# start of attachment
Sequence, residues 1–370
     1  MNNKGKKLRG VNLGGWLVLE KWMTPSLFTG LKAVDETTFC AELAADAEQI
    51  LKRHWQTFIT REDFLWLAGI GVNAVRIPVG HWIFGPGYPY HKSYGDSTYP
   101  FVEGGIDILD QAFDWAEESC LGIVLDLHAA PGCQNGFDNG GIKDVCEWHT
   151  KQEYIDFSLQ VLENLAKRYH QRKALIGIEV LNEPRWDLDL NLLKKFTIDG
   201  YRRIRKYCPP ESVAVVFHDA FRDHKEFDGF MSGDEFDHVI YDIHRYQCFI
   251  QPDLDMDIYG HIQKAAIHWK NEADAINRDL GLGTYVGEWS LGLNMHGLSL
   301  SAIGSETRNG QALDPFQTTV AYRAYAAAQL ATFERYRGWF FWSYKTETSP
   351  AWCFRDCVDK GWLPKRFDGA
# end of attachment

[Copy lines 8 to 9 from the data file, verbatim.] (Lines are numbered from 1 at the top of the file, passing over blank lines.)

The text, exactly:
   301  SAIGSETRNG QALDPFQTTV AYRAYAAAQL ATFERYRGWF FWSYKTETSP
   351  AWCFRDCVDK GWLPKRFDGA